SEOUL, South Korea -- For once, South Koreans are flocking to theaters for a homegrown movie, and the spy thriller's splashy success is cheering a domestic film industry in retreat from Hollywood's dominance.

"Swiri," about the intrigue between North and South Korea, attracted 1.4 million patrons in Seoul alone in its first 30 days -- surpassing the previous high of 850,000 drawn by "Titanic."Theaters are sold out days in advance, and moviegoers are happily packing into long lines to get in. The movie's popularity has even produced a run on a fish featured in the story, pet shop owners say.

"We hope this will be a turning point for all Korean movies," said "Swiri" director Kang Jae-kyu, who expresses surprise at the box office boom.

The movie's success comes amid an uphill battle by local producers to widen their share of South Korea's $170 million-a-year cinema business.

For years, the government has tried to protect South Korean movies with a quota system that requires theaters to show domestic films at least 106 days a year, nearly 30 percent of the time.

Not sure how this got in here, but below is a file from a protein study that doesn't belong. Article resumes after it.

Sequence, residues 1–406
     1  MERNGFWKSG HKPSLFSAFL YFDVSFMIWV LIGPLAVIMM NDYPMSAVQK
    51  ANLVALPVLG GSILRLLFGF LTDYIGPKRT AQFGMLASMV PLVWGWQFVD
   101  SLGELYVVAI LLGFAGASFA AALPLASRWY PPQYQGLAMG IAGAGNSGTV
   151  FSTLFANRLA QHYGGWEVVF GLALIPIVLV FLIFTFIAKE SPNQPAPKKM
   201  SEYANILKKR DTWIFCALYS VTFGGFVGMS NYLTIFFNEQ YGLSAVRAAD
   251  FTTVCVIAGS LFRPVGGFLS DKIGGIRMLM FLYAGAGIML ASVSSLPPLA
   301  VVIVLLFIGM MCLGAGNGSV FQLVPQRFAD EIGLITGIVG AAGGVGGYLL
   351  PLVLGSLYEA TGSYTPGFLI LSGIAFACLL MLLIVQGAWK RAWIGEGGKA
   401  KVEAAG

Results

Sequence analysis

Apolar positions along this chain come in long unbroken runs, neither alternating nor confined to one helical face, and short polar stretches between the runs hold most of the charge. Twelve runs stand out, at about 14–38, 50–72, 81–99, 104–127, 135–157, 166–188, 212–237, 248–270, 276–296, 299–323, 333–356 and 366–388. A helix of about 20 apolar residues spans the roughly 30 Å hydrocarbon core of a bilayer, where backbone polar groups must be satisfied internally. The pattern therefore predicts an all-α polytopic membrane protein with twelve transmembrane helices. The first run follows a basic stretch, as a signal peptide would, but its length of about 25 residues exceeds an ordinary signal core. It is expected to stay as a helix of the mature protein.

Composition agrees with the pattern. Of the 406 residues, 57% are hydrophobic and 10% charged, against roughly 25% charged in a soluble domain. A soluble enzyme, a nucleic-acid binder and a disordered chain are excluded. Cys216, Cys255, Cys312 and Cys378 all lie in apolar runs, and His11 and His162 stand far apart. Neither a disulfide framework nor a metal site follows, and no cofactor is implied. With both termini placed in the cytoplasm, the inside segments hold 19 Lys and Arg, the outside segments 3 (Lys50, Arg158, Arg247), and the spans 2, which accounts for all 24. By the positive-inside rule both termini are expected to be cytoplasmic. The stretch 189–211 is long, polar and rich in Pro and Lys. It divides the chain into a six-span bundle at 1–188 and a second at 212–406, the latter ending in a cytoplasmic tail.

Even with the quota, Korean movies took only 25 percent of ticket receipts last year, while Hollywood had 75 percent. And Washington is demanding the quota be abolished or phased out as an unfair trade practice.

Local producers, actors and actresses have argued that ending the quota would smother the local industry, and now are hoping "Swiri" will encourage investment in the domestic film industry.

" 'Swiri's' success is great news for us," said Yang Ki-hwan, a spokesman for the Motion Picture Producers' Association of Korea. "We believe it will definitely help Korean movies in general."

Movie critics say the domestic industry's problem isn't artistic. They note Korean producers have made internationally acclaimed artistic films, but say local moviemakers have hurt themselves by skimping on bread-and-butter action films.